Unvirtual Jumper

There was a booming trade in suicide, but hardly anyone died. You could pop in any medical office to have yourself put down, but before they could kill you, they had to made you think they had, then get your agreement that yes, you really wanted to die.

They’d put the helmet down, the mask on, then boom, you were on a bridge, planning to jump, and jump you did. On the way down, well, it was like that old saying, “Everything in my life I’d thought was unfixable was totally fixable—except for having jumped.”

It wasn’t even expensive.

You always believed it—the brain wasn’t much good at distinguishing fiction from reality even without the helmet making sure you believed it—but the brain did get used to it.

The form of suicide varied—buses, trains, cops—but the main thing was to make it longer. Instead of pulling the jumper when he realized he’d rather not die, let him hit the water. He might wake up in the hospital ICU covered in casts, and start rehab while resolving to really do something with his life—or he might die. Religious folk liked to spend five minutes in hell, the first five minutes being more terror than torment.

A lot of people liked to be saved by batman before they hit the water, then conduct an illicit sexual relationship with him. Whichever version of batman they preferred. Harry didn’t know much about that. He was a Wonder Woman kind of guy.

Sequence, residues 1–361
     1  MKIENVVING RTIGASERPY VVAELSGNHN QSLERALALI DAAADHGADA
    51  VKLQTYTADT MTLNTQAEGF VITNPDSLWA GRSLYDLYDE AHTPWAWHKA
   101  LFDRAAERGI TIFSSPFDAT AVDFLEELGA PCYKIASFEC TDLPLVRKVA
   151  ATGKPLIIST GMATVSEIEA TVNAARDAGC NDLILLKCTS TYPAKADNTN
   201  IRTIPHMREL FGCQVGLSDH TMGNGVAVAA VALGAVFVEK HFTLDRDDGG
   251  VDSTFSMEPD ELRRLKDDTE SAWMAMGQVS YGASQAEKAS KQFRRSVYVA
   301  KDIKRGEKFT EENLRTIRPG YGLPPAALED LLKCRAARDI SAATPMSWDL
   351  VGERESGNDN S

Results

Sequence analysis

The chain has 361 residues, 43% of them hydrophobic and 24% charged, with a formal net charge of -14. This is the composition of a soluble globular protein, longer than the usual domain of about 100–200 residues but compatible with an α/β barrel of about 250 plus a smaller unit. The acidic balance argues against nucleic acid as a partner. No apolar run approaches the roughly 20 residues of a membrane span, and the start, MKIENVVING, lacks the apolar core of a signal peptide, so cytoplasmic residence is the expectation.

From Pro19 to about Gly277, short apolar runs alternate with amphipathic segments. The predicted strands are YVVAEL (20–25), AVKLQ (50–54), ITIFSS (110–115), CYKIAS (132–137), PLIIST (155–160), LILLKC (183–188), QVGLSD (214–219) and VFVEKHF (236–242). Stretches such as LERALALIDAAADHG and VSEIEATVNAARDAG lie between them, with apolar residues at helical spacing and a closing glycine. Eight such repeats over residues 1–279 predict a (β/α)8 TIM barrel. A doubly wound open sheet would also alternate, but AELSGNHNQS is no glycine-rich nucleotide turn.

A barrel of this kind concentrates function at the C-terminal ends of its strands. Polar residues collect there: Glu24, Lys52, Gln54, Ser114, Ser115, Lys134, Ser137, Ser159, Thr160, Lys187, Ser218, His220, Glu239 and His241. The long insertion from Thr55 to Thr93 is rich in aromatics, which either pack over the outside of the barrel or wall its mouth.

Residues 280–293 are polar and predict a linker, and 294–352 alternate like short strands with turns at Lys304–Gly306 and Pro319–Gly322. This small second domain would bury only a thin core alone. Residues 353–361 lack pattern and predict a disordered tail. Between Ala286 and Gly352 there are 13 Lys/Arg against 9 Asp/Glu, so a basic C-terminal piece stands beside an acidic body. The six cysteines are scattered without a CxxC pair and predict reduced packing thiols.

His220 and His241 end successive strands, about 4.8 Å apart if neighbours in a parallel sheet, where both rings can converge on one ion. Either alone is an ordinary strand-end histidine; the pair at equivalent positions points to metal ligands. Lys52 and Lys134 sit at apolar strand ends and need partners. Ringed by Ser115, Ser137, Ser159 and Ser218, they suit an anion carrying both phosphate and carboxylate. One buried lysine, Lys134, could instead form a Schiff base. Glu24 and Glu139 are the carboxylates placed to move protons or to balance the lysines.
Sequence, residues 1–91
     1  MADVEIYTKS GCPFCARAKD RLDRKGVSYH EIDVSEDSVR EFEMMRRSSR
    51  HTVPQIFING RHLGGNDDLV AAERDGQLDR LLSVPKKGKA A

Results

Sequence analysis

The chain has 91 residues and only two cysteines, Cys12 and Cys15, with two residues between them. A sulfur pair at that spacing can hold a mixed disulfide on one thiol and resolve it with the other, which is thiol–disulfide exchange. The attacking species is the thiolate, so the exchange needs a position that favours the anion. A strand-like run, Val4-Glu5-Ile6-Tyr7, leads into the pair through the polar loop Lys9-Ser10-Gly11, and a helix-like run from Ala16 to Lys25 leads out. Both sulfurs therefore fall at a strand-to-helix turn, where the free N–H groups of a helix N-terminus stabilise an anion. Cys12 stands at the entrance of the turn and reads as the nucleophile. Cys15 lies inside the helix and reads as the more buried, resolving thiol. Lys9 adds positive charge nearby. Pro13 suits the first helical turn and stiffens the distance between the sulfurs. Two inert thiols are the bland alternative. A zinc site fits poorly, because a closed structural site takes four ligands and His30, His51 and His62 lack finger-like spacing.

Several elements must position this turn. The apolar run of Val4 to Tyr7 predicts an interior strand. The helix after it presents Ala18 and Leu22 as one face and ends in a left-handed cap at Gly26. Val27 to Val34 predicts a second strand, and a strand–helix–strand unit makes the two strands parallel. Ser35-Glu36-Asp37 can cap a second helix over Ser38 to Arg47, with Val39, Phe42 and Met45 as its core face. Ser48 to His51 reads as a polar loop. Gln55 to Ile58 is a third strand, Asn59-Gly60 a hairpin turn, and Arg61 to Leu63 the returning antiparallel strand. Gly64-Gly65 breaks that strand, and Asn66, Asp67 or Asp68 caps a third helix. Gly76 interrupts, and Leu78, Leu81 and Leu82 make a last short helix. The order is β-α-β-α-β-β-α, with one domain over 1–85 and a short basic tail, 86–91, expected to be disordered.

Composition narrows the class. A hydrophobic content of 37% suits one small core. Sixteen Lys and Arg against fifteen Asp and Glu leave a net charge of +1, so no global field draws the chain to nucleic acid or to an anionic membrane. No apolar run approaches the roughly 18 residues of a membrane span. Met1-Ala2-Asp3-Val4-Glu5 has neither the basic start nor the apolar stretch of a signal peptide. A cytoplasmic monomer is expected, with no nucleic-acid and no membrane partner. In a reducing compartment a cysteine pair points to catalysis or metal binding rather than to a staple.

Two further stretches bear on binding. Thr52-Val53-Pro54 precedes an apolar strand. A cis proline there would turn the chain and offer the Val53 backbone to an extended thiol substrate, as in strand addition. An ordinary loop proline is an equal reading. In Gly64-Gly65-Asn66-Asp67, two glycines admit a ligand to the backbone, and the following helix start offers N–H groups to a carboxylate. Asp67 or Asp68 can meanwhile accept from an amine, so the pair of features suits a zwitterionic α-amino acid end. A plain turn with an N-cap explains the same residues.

As he plunged from the bridge, she’d catch him with the Lasso of Truth, then haul him to her level. Hanging in mid-air she’d ask why he’d tried to kill himself, and he’d snivel his reasons. She’d roll her eyes, say he needed to remember what life was like, and take him around town. Against her will the rehabilitory tour would turn into a date, and she’d say, “There’s something hypnotic to your pain, pathetic man,” and one thing would lead to another…

The trouble with brains is they’re not very good at distinguishing reality from fiction.

On his way home, thinking he’d like to meet Wonder Woman again, Harry stepped in front of a train. He’d been in hell just over five minutes when he started to worry whether Wonder Woman would show.

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